R&D Tax Credits scheme extension
Last month Chancellor Rishi Sunak delivered Spring Statement 2022 which revealed some timely updates to the Autumn Budget 2021. The statement addressed various difficulties the UK businesses and the population as a whole are facing due to the recent uncertainties – such as rising inflation, health and energy crises.
Autumn Budget 2021 announcement
In October 2021, Chancellor Rishi Sunak announced that from April 2023, costs from data and cloud computing will be eligible for R&D expenditure. He also revealed that R&D relief will be limited to work undertaken in the UK only. The reason for this decision, was because in 2020 companies claimed UK tax relief on £48bn of R&D spending but UK business investment was around half of that, at just £26bn.
R&D Tax Credits updates from Spring Statement
It was highly expected to get more information about R&D Tax Credit’s upcoming reform but Rishi Sunak didn’t share a lot about his future plans.
However, he did confirm that upcoming changes to the R&D Tax Credits scheme will come into effect in April 2023 and the scheme will be extended to include:
- Cloud computing costs;
- Data storage costs;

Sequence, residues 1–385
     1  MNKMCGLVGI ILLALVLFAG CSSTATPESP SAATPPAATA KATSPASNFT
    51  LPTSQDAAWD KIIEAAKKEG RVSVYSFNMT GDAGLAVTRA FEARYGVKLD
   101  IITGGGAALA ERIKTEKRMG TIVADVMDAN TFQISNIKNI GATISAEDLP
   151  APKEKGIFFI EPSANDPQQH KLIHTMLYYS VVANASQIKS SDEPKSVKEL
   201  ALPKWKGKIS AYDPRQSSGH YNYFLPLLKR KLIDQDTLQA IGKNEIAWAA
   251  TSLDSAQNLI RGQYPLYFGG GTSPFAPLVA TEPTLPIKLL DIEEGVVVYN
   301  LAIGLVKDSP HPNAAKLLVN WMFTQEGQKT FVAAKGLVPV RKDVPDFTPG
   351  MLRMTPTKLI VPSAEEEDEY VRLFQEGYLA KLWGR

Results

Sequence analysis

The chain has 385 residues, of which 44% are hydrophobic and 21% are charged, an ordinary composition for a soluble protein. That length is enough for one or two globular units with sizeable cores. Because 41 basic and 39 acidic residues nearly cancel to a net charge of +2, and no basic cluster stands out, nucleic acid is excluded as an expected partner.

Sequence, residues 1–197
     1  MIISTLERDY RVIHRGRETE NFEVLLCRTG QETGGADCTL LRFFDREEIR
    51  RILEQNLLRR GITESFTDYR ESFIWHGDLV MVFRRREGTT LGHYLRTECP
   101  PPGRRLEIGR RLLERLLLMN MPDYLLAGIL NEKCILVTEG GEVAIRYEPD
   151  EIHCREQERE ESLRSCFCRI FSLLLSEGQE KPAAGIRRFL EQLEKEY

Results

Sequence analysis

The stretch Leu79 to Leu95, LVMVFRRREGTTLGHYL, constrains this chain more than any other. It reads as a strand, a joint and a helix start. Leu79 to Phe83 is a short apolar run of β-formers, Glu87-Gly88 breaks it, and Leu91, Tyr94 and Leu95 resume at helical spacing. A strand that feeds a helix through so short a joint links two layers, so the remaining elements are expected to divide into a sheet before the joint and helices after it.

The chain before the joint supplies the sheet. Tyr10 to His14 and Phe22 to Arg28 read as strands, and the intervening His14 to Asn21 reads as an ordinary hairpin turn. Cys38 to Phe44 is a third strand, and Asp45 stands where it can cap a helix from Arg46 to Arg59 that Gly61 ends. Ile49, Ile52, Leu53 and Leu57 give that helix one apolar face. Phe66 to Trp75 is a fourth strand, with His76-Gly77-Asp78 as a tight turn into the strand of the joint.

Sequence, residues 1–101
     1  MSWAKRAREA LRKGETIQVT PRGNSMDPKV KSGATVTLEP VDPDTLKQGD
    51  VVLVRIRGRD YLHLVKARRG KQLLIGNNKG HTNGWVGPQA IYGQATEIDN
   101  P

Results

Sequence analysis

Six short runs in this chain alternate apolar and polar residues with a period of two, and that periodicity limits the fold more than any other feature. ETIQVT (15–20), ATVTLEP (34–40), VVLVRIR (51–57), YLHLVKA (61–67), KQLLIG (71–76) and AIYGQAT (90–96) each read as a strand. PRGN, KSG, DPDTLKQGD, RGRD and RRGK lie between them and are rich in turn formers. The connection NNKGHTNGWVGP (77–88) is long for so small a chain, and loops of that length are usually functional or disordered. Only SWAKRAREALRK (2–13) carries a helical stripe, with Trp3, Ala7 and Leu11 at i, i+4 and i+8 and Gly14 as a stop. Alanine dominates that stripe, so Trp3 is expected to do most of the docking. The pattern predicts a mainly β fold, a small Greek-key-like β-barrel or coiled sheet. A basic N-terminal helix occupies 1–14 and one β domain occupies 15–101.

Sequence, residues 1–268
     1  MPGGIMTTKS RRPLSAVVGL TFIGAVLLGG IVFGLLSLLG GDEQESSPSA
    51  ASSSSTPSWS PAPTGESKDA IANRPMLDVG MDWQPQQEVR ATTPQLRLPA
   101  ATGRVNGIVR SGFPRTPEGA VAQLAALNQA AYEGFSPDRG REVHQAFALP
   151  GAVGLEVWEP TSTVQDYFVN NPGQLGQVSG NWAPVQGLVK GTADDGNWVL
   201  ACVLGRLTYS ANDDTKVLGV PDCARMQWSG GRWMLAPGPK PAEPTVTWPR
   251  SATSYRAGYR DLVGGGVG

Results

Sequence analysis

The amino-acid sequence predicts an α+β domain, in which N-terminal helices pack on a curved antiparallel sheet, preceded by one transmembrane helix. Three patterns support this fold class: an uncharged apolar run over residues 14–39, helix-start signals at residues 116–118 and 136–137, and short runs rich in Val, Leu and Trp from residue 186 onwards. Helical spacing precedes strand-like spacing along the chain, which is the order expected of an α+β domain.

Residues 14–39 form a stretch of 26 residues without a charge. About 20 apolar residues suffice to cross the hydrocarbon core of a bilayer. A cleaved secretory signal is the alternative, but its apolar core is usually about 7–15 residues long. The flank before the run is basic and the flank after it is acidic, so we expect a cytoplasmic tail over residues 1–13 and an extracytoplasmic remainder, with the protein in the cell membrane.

- It will also include pure maths
The new announcement was to allow pure mathematics research as qualifying R&D expenditure – such as in sectors of AI and robotics together with manufacturing and design.
Most of Rishi Sunak’s announcements were already known but he reiterated the Government’s commitment to continue fostering innovation in the UK but will allow for R&D relief for overseas costs such as:
- Material factors such as geography, environment, population, or other conditions that are not present in the UK but are required for the research (for example deep ocean research);
- Regulatory or other legal requirements that activities must take place outside of the UK (for example, clinical trials)
The draft of this new legislation will be reviewed over the summer of 2022. We are expecting to hear more about those updates during the next Autumn Budget. The Chancellor also noted that a more generous R&D Tax Credit scheme would be considered as part of the Autumn budget.
R&D Tax Credits benefits
The Research and Development Tax Credit scheme was launched over 20 years ago to encourage the growth and innovation of young businesses. This tax scheme provides valuable support for start-ups and is aimed at encouraging global competitiveness. SMEs can reclaim up to 33% of the amount spent on Research and Development even when they are making a loss.
R&D Tax Credit relief could be the financial lifeline for many start-ups but tax rules are complex and can be difficult to navigate. Find out more about the scheme in our recently published guide with Finerva’s Co-Founder and R&D Tax Credits specialist, Ben Rule. For more information, please sign up to our I am a Founder newsletter or subscribe to our LinkedIn where we will announce any news announcements as they come.